They feed upon a variety of different grasses, fruits and the pads of prickly-pear cactus.
Radiated tortoises are found in the spiny cactus and thorn forests of southern and southwestern Madagascar.
THREATS IN THE WILD:
Collecting for the pet trade and for their meat
Considered by many to be one of the world's most beautiful tortoises, they grow up to 16 inches in length and weigh up to 35 pounds.
DID YOU KNOW?
An animal is classified as Critically Endangered when it is facing an extremely high risk of extinction in the wild in the immediate future. Threats to this species include habitat loss, collecting for pets, and poaching for its meat. To help save radiated tortoises from extinction the El Paso Zoo is working with other zoos in a conservation breeding program called the Species Survival Plan. The radiated tortoises came to El Paso from the Gladys Porter Zoo.
MORE ABOUT OUR ANIMALS:
We have two radiated tortoises living outside the El Paso Electric Kalahari Research Station. They came to El Paso from the Gladys Porter Zoo where they were hatched in March of 2006.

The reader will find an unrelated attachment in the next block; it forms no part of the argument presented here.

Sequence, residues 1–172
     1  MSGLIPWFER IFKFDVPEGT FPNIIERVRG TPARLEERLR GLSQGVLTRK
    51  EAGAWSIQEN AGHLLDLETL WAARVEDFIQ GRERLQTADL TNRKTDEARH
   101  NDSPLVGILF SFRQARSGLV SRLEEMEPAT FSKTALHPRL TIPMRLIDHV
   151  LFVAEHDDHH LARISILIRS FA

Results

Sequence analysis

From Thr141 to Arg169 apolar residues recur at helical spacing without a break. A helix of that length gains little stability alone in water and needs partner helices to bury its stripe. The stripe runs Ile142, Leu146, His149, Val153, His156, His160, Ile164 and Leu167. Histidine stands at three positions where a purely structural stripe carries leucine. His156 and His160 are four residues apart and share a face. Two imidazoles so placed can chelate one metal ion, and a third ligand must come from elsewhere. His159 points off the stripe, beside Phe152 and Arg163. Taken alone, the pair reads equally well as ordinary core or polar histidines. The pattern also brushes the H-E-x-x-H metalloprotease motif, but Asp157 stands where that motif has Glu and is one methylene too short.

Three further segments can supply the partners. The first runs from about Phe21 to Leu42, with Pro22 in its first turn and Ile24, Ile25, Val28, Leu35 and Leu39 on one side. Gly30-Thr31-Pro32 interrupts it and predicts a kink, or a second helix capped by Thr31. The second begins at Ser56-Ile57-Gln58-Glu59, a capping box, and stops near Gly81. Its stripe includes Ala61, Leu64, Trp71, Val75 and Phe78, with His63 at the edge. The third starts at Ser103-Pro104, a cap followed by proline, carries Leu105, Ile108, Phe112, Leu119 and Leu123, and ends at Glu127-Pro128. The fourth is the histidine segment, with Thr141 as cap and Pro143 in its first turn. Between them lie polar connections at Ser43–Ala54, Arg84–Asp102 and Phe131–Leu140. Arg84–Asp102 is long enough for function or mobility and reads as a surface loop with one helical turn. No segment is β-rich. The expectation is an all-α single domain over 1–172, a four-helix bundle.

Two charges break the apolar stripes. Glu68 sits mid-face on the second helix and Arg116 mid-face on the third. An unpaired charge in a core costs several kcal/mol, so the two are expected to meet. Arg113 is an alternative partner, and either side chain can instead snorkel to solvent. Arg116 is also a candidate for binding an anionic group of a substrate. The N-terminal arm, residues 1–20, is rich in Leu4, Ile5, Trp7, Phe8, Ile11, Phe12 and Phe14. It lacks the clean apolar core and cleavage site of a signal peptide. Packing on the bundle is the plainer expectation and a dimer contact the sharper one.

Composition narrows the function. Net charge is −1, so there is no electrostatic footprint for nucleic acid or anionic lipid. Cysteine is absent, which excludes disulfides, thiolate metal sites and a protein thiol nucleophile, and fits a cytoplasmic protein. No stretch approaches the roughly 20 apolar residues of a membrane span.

HOW YOU CAN GET INVOLVED IN CONSERVATION EFFORTS:
Read about radiated tortoises online and check out books from your local library. Become a member of the El Paso Zoological Society. Funds raised by the Society are used to support conservation efforts at the Zoo and in the wild.
JUST FOR KIDS:
How many kinds of turtles and tortoises can you find at the El Paso Zoo? Watch for them during the warmer months of the year in the Americas Exhibit next to the prairie dogs, across from the Reptile House at the Galapagos Tortoise Exhibit, and in small enclosures nearby. Watch for news of a new turtle pond being planned for near the Reptile House by liking the Zoo on Facebook.